wherever slavery existed, there were runaways who escaped to live in the wilderness, that since there are no in the british colonies in Spanish in portuguese colonies, and then in the newly independent countries and states that those colonies gave birth to, I'm cases Marines clashed with colonial forces like in Jamaica, where they fought wars against the british and negotiate did treaties to stay in their communities. Fact, there's a settlement in Jamaica, where descendants of Marooned still with a place called mortal the way high in the country's eastern mountains. In the U S, Bring communities existed all across the south and the north, and even in western states like Texas, the long stay in anger. This is from an interview with a former slave named Laura smaller. It was recorded in Eighteen, forty one,
talks about what it was like growing up and working on a plantation and Bilbil Texas the interviewer asks the slaves of trust, Lithuania, a trial run, all anti replies, now here longer say when she was a good idea, No woman runnels are night. She slipped, somebody have was suddenly in she get dead videos. Go back and would Backstreet would give losses. Man stated woods. Awhile hey here's how on him, long lab at all stayed luge stayed in the woods and they couldn't get him up. Stay lying. The call me lying Tuesday I got stay in the lines. Every maroon community across the country was unique. Some,
lived in the woods like the woman in man described by smaller others, in the mountains or swamps, some even lived in underground shelters that they dug out in wild areas near plantations so in those little caves of dance, as they sometimes call them as well you sometimes at a real house, some add furniture. Some add stove, this is doctor, Sylvia and youth, a historic, of the african diaspora, an author slavery, exiles, the story of the American marooned she said. But these subterranean, maroon shelters were often ingeniously constructed. Some had timber supported roofs, complete with trap doors that had all traces of their presence that which opened on the outside to become a flash of the point that it would be invisible, but it would also be study enough so that, if somebody withstand I'll need, you know they wouldn't cave in some shape,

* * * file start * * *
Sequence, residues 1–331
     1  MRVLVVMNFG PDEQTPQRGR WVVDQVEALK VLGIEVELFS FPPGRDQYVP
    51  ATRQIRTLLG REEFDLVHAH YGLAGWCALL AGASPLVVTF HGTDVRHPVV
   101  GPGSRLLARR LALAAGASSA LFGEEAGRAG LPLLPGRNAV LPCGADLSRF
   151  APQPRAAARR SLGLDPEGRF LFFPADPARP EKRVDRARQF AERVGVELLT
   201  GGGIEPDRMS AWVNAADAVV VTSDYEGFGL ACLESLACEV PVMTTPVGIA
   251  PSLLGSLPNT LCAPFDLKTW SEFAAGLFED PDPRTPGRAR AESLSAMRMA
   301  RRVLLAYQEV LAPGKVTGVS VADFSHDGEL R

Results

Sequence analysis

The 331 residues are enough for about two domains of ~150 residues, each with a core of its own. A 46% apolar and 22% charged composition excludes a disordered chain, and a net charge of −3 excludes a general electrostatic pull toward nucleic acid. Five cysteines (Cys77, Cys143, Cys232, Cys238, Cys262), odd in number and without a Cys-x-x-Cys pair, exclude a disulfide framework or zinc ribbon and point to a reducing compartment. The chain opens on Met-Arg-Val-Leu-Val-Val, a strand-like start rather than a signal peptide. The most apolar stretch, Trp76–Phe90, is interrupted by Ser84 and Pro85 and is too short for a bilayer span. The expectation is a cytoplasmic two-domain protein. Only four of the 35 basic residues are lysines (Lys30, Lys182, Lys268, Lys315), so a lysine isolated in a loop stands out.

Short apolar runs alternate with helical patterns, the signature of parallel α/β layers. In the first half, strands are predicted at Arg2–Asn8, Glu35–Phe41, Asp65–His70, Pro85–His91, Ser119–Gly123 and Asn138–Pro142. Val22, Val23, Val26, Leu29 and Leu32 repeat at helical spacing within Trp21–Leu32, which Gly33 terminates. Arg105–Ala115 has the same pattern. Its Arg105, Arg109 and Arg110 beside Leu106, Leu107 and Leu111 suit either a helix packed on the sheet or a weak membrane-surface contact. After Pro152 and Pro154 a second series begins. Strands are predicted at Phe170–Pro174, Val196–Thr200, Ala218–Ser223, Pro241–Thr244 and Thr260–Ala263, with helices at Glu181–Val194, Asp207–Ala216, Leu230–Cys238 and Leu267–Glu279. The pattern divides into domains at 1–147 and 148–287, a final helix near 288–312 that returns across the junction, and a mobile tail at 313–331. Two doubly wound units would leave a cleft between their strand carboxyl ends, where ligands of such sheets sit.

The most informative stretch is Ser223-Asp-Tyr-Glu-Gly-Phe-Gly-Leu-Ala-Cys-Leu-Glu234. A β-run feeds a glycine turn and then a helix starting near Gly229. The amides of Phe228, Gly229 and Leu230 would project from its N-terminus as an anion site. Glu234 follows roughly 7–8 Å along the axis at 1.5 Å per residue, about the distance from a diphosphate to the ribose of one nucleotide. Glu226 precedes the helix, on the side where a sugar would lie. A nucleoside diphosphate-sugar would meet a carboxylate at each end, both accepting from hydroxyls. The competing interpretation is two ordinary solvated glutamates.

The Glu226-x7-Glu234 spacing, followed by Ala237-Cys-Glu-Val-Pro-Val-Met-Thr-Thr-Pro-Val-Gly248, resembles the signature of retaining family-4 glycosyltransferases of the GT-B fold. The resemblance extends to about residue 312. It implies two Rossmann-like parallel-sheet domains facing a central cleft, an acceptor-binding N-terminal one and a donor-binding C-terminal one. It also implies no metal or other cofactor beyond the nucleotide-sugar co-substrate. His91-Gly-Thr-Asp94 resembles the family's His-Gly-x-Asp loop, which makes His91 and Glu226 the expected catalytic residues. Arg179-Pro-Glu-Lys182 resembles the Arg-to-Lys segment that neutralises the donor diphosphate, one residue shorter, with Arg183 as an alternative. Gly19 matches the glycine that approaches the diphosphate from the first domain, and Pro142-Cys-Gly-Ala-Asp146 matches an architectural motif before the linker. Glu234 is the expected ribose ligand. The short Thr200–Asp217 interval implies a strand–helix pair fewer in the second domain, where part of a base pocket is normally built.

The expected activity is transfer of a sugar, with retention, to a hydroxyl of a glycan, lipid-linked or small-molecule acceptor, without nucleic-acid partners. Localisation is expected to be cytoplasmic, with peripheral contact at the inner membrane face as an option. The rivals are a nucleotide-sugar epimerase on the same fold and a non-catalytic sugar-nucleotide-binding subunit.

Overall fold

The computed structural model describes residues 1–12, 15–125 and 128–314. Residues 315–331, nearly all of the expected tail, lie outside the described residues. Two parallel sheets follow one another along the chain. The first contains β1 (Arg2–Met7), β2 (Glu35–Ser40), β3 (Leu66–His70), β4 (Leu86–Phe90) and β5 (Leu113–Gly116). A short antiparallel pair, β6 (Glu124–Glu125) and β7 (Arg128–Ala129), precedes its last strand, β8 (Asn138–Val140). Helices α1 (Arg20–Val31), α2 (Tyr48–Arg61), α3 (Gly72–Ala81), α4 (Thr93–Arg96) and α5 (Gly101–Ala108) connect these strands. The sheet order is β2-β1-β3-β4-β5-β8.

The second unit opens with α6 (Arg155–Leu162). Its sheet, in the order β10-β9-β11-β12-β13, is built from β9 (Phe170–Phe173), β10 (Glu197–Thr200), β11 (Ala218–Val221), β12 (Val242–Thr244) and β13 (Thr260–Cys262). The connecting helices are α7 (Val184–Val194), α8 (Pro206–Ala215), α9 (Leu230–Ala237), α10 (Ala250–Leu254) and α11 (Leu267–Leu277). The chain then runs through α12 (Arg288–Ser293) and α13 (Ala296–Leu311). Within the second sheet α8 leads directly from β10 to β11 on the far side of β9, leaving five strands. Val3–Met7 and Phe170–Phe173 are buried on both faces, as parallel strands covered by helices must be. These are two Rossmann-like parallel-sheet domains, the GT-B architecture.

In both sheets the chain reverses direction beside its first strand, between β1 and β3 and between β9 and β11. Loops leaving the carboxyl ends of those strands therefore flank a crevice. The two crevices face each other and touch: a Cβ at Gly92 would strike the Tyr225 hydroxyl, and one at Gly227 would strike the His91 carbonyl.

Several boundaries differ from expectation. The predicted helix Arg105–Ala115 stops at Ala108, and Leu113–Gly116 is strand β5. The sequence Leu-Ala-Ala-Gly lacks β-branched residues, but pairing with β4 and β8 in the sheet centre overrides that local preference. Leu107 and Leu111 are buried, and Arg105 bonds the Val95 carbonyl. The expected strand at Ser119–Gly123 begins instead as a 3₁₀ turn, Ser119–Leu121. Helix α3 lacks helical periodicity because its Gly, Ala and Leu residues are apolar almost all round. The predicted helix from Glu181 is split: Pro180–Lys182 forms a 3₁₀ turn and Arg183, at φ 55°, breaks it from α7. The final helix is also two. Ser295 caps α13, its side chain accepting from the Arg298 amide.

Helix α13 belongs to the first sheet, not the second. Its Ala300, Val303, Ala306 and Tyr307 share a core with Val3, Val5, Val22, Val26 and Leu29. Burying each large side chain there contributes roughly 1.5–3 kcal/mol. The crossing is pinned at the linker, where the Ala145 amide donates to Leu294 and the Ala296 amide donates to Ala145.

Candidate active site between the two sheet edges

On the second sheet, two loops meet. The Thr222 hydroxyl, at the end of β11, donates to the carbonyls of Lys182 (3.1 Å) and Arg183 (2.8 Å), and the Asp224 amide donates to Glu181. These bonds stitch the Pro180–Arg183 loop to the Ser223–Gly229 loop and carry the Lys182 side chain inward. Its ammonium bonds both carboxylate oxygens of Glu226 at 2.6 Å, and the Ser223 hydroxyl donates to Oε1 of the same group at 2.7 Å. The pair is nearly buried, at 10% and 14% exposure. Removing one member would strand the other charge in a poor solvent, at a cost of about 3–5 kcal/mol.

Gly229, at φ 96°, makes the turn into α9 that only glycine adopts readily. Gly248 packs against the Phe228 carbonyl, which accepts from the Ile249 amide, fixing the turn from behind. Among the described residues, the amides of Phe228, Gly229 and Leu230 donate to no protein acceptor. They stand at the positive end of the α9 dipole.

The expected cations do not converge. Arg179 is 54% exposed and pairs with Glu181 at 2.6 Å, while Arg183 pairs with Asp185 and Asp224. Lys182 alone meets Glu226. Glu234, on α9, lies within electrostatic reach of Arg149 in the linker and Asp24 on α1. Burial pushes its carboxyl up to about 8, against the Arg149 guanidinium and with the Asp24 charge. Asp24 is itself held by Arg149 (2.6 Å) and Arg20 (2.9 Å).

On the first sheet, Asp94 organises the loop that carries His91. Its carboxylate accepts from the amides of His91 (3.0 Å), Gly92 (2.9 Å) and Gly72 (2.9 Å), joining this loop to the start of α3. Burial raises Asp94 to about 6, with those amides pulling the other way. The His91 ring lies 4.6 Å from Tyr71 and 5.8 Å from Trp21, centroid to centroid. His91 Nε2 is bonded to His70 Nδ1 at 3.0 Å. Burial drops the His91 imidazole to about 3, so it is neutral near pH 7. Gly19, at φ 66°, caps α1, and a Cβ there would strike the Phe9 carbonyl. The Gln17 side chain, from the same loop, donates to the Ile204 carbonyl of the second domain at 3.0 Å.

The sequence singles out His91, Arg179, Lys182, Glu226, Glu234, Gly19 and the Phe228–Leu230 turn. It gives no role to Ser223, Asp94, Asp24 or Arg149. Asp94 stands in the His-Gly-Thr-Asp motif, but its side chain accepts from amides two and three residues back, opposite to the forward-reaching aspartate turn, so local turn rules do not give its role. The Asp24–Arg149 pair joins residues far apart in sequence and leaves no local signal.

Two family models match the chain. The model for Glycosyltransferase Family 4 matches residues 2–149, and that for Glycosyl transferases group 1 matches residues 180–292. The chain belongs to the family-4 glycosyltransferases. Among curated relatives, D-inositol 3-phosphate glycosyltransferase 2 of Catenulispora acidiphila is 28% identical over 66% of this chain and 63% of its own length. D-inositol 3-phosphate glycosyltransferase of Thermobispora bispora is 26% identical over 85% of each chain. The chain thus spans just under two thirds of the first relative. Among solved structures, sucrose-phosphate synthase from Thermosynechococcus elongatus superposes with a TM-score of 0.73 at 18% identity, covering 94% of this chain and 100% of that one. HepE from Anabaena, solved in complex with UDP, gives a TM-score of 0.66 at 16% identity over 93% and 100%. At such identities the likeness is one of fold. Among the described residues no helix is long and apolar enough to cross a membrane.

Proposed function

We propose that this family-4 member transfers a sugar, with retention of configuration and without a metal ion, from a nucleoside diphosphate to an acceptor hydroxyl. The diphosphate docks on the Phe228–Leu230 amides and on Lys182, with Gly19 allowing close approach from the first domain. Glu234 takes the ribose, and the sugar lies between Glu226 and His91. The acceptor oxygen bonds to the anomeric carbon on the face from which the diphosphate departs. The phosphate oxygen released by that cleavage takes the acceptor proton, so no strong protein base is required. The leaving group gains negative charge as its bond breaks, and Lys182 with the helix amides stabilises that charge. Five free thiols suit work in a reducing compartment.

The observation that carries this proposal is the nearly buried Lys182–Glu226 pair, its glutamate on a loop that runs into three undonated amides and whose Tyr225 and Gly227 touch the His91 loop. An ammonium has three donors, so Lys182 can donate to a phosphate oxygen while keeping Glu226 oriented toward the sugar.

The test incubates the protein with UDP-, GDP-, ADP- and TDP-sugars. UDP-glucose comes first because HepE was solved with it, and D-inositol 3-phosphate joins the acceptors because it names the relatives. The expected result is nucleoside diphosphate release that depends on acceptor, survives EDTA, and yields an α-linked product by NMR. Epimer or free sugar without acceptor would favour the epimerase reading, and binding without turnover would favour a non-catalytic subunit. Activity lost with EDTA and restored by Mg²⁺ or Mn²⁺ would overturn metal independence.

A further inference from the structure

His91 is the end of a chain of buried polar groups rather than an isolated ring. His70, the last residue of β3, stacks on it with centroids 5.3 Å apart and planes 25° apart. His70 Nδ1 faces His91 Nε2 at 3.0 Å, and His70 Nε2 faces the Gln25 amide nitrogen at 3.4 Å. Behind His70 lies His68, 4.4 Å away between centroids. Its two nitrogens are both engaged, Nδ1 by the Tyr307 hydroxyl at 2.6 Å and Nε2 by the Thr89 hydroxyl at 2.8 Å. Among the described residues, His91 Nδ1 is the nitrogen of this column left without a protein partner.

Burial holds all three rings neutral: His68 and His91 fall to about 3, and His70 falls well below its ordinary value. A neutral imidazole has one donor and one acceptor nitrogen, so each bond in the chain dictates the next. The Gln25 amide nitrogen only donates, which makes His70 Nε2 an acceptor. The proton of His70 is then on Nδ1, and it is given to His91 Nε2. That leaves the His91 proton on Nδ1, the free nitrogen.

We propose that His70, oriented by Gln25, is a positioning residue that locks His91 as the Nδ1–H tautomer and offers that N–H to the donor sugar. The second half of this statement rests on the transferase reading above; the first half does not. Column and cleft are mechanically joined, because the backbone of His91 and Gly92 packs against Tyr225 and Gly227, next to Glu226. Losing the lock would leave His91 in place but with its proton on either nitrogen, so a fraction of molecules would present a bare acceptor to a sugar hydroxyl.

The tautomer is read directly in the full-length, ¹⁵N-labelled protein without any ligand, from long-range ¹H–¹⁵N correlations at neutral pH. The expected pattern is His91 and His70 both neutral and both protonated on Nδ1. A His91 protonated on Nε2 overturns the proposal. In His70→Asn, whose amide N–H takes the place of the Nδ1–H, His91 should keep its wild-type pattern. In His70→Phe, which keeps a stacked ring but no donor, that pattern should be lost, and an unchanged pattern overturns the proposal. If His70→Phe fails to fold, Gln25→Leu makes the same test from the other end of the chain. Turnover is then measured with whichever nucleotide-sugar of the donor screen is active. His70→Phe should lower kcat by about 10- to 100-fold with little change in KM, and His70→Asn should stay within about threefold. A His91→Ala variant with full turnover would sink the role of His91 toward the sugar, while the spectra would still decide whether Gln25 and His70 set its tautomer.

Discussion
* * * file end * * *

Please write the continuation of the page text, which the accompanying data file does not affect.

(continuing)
There's even had systems of what in pipes the transported the stove smoke away from the maroon stands, so it wouldn't give away their location broadly. Do you has found that most ruins tended to live in one of two types of places, each with its own advantages, some resided on the borders of plantations where their family and friends leaved, and so they would go back at night in just to be with them to get news also to gather intelligence by them, chose to live more remove from civilization in the hinterland. In the hinterland, The main feature is that they were secluded. They were difficult to access, but work where they were. The Marines all had something in common. They wanted freedom, yes, but even more, they wanted autonomy, a kind of control over their lives that wouldn't be possible even as free black people. In the north
Then the rules were safe fooled where the rising towards our faculties or community. They felt safer in the woods and the south even though it was a hard life full of danger, but they felt safer adding ghettos that among white people, in the late seventeen hundreds white people were rapidly becoming a greater threat than the reptiles of the great dismal swamp as more and more Europeans arrived in the area, land grew scarce and more valuable, wealthy colonist saw economic opportunity in developing a swamp in and its brother John started again George Washington yeah that George Washington and his brother John started a company with the goal of saving, improving and draining the land. George Washington, the arisen swarm trainer. Eventually